After a fitful night's sleep, I awoke around 6:30 this morning and began to ready myself for the long day ahead of me. I was tired, struggling with family problems, and really just wanted to pull the covers over my head and stay where I was until, well, until much later. I hoisted my tired aching body out of bed, ate some honeydew melon, showered, dressed and made it out the door in time to be about ten minutes late (again) for Church. I quietly eased into a seat beside a sweet young mother and her baby daughter.
With gratitude in my heart for at least being there in time to take the Sacrament, I bowed my head in silent prayer. "Please, soften my heart," I prayed. "Heavenly Father, please bless me now." That was all I could think of to pray for. I opened my eyes, and all around me were friends. I was at home, another safe place. I realized that I already was blessed with an abundance of love that I could see and feel. My heart not only softened, I think it melted, just a bit.
Tonight, as I opened up my blog and started typing, a message came to me that I thought I should share with you. It's from Jeffrey R. Holland, one of the leaders of our Church. All of his talks (sermons) seem to strike some nerve with me. My favorite talk of his is entitled, He Hath Filled the Hungry with Good Things. In this particular talk, he is speaking to anyone and everyone, regardless of our situations in life. He extends an invitation to all who hunger and thirst, but cannot be satisfied with the choices being dished out by the vain and foolish servants in a world of pride, greed, and selfishness.
Responding to Elder Holland's invitation requires a desire for change. He said: "Everything in the gospel teaches us that we can change if we need to, that we can be helped if we truly want it, that we can be made whole, whatever the problems of the past." I believe this can happen, but that it will only happen when a need for change is recognized and truly sought after. I love the phrase hunger and thirst. It seems to demand some action to prevent death, either physical or spiritual, or both. A feast can be laid out before us, but unless we reach out to partake of it, we are still left as empty as we were before we took our seat at the table.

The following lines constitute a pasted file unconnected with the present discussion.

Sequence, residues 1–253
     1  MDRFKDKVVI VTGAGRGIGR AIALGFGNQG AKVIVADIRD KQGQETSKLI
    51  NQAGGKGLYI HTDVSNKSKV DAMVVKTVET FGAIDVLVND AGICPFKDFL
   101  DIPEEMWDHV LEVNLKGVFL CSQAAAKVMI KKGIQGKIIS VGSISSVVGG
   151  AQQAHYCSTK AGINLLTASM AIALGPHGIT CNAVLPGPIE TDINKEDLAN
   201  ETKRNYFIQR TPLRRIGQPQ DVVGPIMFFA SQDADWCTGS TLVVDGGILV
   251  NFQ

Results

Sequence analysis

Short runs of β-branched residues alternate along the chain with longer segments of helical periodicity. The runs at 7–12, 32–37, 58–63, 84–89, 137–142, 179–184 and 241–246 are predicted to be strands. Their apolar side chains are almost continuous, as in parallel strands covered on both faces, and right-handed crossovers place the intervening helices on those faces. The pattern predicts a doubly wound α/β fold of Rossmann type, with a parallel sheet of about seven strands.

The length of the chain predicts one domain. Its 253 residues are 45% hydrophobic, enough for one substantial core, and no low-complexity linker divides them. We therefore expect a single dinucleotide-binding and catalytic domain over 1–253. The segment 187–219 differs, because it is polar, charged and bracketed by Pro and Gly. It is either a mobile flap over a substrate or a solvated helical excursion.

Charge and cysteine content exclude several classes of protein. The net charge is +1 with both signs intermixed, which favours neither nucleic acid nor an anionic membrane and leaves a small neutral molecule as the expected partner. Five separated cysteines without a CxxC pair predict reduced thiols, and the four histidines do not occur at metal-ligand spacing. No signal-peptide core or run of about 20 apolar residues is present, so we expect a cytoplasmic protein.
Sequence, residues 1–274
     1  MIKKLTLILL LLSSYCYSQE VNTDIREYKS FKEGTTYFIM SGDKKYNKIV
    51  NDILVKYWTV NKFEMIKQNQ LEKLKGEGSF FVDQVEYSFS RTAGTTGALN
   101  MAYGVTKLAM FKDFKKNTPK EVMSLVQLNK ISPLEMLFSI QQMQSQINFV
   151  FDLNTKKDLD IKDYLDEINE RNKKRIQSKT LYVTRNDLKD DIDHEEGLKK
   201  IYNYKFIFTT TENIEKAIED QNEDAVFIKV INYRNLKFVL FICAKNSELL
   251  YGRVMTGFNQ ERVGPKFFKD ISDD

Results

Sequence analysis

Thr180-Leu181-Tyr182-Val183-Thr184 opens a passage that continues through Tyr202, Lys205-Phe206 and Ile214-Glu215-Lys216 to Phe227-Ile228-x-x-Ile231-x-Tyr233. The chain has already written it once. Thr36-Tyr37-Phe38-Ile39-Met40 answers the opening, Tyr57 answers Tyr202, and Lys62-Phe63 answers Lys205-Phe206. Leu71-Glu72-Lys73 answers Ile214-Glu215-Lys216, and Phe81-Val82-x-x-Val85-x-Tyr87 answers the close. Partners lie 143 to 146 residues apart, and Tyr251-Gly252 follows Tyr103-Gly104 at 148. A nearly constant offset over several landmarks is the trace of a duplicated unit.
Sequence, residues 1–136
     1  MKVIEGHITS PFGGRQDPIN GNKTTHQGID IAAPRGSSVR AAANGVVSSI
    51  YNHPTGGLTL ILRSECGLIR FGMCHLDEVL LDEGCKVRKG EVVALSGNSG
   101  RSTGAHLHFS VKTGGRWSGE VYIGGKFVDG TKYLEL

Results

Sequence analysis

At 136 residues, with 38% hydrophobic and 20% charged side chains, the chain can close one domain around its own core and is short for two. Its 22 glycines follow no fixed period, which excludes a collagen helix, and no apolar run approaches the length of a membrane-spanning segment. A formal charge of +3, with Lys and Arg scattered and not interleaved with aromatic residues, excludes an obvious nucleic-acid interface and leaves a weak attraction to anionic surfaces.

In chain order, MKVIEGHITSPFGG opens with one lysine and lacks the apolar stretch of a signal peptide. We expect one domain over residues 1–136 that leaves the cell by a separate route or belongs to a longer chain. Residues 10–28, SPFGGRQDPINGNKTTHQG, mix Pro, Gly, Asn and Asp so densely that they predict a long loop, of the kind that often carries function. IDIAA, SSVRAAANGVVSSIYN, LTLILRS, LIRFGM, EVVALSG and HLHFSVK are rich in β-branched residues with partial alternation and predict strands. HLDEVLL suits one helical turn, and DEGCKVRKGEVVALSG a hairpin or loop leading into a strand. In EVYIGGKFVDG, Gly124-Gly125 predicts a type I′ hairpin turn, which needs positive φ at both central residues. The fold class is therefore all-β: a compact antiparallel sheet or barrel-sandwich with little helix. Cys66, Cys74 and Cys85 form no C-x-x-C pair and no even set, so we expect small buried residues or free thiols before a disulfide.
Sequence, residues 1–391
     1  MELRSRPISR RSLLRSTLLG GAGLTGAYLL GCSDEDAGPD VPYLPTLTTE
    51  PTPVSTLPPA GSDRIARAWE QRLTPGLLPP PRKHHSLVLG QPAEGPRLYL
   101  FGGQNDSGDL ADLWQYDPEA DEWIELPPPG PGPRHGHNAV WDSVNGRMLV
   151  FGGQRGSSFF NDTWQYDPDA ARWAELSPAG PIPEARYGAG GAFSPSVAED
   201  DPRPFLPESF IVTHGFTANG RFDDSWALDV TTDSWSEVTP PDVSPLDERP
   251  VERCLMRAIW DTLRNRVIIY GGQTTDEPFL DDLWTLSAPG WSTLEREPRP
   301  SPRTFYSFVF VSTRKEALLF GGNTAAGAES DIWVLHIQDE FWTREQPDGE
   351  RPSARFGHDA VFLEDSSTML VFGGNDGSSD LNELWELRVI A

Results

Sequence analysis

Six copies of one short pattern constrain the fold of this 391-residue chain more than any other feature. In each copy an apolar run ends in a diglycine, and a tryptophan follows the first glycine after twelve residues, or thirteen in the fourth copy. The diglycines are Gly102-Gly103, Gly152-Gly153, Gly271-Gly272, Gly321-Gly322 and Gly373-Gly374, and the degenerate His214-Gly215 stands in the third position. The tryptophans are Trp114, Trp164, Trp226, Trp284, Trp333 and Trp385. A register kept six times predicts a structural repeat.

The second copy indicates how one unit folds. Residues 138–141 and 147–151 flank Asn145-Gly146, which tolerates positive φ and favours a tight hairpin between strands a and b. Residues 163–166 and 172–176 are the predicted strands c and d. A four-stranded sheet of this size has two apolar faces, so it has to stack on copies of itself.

Also included in Elder Holland's talk was this: "In spite of life's tribulations and as fearful as some of our prospects are, I testify that there is help for the journey. There is the Bread of Eternal Life and the Well of Living Water. Christ has overcome the world--our world--and His gift to us is peace now and exaltation in the world to come. Our fundamental requirement is to have faith in Him and follow Him--always. When He bids us to walk in His way and by His light, it is because He has walked this way before us, and He has made it safe for our own travel here. He knows where the sharp stones and stumbling blocks lie hidden and where thorns and thistles are the most severe. He knows where the path is perilous, and He knows which way to go when the road forks and nightfall comes. He knows all this ..... because He has suffered 'pains and afflictions and temptations of every kind . . . , that he may know . . . how to succor his people according to their infirmities.' To succor means 'to run to.' I testify that in my fears and in my infirmities the Savior has surely run to me. I will never be able to thank Him enough for such personal kindness and such loving care. "
The small effort (it really was small, comparatively speaking) I made to get myself to Church this morning, and hang in there for the whole block of meetings, was rewarded with an overflowing cup of "spiritual nutrition" to help me "keep on climbing," at least for another week.....
To read all of Elder Holland's talk, just click on, or copy and paste, this link: